Supermarkets 'need to be greener'NCC calls for more UK seasonal fruit and veg

14 September 2006

 

A woman pushes a shopping trolley around a supermarket.

Britain’s leading supermarkets must do more to help shoppers make greener choices, a consumer organisation said today.

The National Consumer Council (NCC) put eight supermarkets to the test and rated them on their green credentials.

It looked at their approach to seasonal food and organics, sustainable sourcing and cutting waste, and found that while there are improvements in some areas, not one of the supermarkets was doing well on all fronts.

Morrisons and Somerfield both got the lowest overall ratings in the the NCC's report. Waitrose came top.

Sustainability and recycling

The NCC said that although Morrisons was top for UK-sourced seasonal vegetables, it let itself down by failing to promote them. It also got low ratings in other areas.

Somerfield did well for stocking in-season UK vegetables, using price promotions and displays to encourage shoppers, but was weak on recycling.

Waitrose scored the best with its good range of organic foods but was also found to sell the highest number of fruit flown in from abroad.

Marks & Spencer and Sainsbury's came joint second followed by Tesco, Asda and the Co-op.

Billions of plastic bags

The findings were based on a Food Commission survey. Researchers visited two branches of each supermarket- one in the north-east and one in the south-east of England.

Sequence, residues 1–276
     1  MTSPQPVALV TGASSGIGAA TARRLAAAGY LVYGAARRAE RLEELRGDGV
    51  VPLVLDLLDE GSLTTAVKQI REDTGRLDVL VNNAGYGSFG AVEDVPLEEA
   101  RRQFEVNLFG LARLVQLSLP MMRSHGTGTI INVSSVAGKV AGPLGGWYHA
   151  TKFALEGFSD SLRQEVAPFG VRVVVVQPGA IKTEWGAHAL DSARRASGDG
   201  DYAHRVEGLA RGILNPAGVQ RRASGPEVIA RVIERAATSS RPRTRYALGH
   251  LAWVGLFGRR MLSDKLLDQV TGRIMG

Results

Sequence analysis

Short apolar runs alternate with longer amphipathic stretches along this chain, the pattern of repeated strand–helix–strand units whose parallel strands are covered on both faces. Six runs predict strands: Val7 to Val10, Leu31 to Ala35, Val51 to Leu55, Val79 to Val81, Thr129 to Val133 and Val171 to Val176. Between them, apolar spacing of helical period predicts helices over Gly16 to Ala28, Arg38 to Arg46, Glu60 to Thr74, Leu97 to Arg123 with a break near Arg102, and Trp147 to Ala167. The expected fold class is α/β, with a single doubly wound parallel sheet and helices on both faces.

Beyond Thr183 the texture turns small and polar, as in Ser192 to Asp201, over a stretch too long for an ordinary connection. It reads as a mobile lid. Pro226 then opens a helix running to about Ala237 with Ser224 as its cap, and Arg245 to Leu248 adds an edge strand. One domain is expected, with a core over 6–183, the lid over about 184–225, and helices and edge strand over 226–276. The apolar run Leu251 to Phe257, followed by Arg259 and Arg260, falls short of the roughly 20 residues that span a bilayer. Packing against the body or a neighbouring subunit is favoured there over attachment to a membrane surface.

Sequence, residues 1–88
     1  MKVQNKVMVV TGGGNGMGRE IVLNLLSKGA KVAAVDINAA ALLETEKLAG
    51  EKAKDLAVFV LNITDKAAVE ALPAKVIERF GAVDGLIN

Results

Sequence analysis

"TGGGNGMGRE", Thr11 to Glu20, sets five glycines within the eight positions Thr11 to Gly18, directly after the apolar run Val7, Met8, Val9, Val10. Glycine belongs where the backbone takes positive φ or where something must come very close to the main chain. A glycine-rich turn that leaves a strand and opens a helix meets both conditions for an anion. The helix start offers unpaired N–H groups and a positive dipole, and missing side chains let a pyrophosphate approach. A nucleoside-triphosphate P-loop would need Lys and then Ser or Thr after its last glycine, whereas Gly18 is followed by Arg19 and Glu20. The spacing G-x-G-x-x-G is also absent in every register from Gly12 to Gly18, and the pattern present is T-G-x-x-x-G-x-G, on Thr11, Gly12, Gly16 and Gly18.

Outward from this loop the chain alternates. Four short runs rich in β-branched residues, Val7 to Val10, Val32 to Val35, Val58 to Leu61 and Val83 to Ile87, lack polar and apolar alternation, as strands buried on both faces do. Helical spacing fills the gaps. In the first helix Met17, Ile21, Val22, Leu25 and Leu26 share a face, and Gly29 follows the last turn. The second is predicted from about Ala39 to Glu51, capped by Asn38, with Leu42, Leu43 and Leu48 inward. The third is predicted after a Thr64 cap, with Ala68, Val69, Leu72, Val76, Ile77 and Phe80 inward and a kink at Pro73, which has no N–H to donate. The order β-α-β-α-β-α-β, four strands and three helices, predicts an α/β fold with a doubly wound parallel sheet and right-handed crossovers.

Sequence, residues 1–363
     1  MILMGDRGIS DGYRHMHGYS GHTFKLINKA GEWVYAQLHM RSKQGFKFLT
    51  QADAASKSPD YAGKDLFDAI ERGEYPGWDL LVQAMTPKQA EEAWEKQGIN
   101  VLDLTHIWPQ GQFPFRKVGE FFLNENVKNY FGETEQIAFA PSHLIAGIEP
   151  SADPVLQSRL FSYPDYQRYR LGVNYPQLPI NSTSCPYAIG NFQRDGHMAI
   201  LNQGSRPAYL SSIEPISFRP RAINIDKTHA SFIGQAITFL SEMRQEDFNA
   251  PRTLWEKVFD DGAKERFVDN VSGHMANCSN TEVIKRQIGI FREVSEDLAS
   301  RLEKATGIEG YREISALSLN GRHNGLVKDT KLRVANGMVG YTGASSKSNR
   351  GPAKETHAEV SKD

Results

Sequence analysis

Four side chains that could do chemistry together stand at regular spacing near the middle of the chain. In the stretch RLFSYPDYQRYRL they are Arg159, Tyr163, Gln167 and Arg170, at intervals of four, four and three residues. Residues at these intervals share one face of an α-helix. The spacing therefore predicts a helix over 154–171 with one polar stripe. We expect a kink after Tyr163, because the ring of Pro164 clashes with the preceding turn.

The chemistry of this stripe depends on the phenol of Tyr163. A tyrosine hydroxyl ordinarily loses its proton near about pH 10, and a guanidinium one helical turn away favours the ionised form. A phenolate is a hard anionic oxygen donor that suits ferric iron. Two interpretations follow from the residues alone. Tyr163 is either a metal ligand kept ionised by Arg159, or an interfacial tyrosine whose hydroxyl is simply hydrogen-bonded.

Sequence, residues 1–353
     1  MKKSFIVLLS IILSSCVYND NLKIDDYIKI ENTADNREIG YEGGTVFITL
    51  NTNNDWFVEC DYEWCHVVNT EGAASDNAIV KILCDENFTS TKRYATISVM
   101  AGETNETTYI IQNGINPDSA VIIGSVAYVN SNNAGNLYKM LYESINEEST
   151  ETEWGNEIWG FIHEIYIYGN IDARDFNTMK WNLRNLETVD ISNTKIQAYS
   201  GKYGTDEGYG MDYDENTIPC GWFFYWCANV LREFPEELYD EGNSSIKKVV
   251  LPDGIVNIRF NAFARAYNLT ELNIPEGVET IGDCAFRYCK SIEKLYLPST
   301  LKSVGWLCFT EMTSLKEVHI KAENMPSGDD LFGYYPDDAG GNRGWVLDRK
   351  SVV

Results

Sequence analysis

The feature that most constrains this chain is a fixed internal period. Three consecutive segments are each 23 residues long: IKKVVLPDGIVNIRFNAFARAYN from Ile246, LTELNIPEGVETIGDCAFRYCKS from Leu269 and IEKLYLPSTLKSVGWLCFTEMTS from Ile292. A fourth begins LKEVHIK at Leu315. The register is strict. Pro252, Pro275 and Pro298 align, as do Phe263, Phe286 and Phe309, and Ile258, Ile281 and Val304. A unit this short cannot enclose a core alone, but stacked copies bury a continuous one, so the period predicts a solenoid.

NCC Chairman Lord Whitty said: ‘We all need to understand that food is the typical household’s number one contributor to climate change. By throwing away 10 billion carrier bags each year and transporting carrots from Egypt and strawberries from New Zealand, we hit the environment hard.

‘But shoppers are increasingly keen to do their bit. Now, we make it clear how supermarkets could make greener choices easier for everybody.’

The NCC says it now wants to see more recycled materials used in packaging and paper products like kitchen towels and toilet rolls.

Carbon emissions

The supermarkets should also source and promote more UK seasonal fruit and vegetables to cut carbon emission from lorries and air freight.

The NCC says that encouraging shoppers to cut their use of plastic carrier bags and making sure people can buy fish from sustainable sources would also make a difference.

Morrisons said in a statement: ‘We have an ongoing programme to address sustainable behaviour and we are making positive progress in the areas covered by this report, as well as in others. 

‘We recognise the challenge ahead and are working hard to meet our environmental objectives and targets. In agreeing with the NCC's view that there is always scope for further action, we intend maintaining our momentum through our programme of continuous improvement.’

Somerfield said: 'Somerfield delivers on its green commitments across many areas but we recognise that there is still work to be done in others.'